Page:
Hybrid Silicon / Lithium Niobate Modulators: Design and Wafer Bonding
Optical communication has provided the exclusive means for carrying high capacity data over long distances for over three decades. As modern data storage and computing rely increasingly on high-rate sharing of information, optics-based techniques steadily penetrate towards rack-level, board-level and even chip-level communications. The future growth of both computation and communication depends, to a large extent, on the successful integration of optical communication system functionalities alongside electronic integrated circuits on the silicon material platform. Hence, the realization of photonic devices on silicon, or silicon photonics, is a research area of much interest and significance.
While the silicon-on-insulator (SOI) material platform is generally favorable for making passive devices, the properties of silicon raise several challenges to the implementation of active photonic devices. The state-of-the-art silicon-photonic light sources, amplifiers, modulators and detectors rely on the hybrid integration of additional electro-optic materials, on top of SOI waveguides. The most widely used material in electro-optic modulators is Lithium Niobate (LiNbO3). LiNbO3 has a high electro optic coefficient, and the fabrication technology of LiNbO3-based devices is mature and well established. The hybrid integration of LiNBO3 alongside silicon in a single device is therefore of much interest and potential significance. The work presented herein is part of a long-term research program, aiming to realize hybrid electro-optic modulators in LiNbO3 over SOI. More specifically, the work addresses two main challenges associated with that objective: the bonding of LiNbO3 to silicon, and the design of the hybrid waveguide structure.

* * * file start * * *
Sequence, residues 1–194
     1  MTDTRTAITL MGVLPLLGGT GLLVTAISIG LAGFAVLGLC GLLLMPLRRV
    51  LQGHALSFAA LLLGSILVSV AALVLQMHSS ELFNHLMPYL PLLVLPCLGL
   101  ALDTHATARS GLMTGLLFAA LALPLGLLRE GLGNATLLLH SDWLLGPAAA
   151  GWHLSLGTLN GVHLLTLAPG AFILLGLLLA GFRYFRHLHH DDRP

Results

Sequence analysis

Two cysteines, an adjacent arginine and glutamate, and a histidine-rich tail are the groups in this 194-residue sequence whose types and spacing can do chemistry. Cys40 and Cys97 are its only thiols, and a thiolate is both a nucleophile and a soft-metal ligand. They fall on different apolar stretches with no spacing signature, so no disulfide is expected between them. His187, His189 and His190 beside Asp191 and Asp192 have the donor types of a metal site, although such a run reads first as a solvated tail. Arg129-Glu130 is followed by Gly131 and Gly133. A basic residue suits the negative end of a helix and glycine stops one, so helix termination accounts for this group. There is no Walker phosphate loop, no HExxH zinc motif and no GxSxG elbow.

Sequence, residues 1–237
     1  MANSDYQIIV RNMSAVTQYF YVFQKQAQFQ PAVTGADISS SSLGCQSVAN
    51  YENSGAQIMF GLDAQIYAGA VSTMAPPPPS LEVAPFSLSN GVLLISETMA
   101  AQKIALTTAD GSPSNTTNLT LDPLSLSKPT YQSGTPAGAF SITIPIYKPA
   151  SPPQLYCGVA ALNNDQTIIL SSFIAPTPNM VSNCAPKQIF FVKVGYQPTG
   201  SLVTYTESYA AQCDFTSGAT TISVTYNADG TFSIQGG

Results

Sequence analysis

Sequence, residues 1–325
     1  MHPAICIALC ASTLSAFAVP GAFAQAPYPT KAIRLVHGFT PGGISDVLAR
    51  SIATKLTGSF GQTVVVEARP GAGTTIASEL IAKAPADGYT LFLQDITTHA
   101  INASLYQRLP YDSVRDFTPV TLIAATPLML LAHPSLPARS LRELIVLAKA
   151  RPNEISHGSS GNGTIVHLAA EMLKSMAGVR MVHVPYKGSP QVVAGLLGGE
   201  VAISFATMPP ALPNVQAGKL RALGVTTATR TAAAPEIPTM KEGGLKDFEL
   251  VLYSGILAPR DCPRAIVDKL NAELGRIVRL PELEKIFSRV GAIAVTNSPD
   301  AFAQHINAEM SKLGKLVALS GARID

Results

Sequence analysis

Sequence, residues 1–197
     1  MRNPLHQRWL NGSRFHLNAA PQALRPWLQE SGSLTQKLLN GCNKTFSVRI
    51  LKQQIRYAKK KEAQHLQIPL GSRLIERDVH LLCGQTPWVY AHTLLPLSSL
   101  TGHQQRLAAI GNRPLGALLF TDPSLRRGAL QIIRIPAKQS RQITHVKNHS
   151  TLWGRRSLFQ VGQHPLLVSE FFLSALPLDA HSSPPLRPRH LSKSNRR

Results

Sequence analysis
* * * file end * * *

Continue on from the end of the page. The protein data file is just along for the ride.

There are only a few reports of bonding LiNbO3 to Silicon in the literature. A large part of the work is dedicated to a new bonding paradigm, which relies on the deposition of self-assembled monolayers (SAMs) of specially-synthesized organic materials on both surfaces and their subsequent functionalization using chemical reactions. On the design parts, two geometries are considered. First, a design with large electrodes spacing, on the order of hundreds of microns, is proposed and analyzed. Second, a more advanced device with closely spaced electrodes is also designed. Our analysis and simulations suggest that hybrid silicon-LiNbO3 modulators should be feasible.
* Research was carried out towards the M.Sc. degree in Electrical Engineering, advised by Dr. Avi Zadok, Faculty of Engineering, Bar-Ilan University.